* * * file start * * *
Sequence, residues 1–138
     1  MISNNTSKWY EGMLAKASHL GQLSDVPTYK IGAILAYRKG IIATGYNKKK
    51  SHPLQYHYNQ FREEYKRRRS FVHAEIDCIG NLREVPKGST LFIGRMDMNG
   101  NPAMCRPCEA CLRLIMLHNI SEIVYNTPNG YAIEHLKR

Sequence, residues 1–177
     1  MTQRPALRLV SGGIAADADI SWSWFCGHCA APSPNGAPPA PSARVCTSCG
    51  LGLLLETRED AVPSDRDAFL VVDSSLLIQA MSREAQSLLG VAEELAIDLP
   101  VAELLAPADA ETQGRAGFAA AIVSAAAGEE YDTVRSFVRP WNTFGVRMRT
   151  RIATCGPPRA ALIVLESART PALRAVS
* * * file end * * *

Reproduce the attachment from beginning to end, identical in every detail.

Sequence, residues 1–138
     1  MISNNTSKWY EGMLAKASHL GQLSDVPTYK IGAILAYRKG IIATGYNKKK
    51  SHPLQYHYNQ FREEYKRRRS FVHAEIDCIG NLREVPKGST LFIGRMDMNG
   101  NPAMCRPCEA CLRLIMLHNI SEIVYNTPNG YAIEHLKR

Sequence, residues 1–177
     1  MTQRPALRLV SGGIAADADI SWSWFCGHCA APSPNGAPPA PSARVCTSCG
    51  LGLLLETRED AVPSDRDAFL VVDSSLLIQA MSREAQSLLG VAEELAIDLP
   101  VAELLAPADA ETQGRAGFAA AIVSAAAGEE YDTVRSFVRP WNTFGVRMRT
   151  RIATCGPPRA ALIVLESART PALRAVS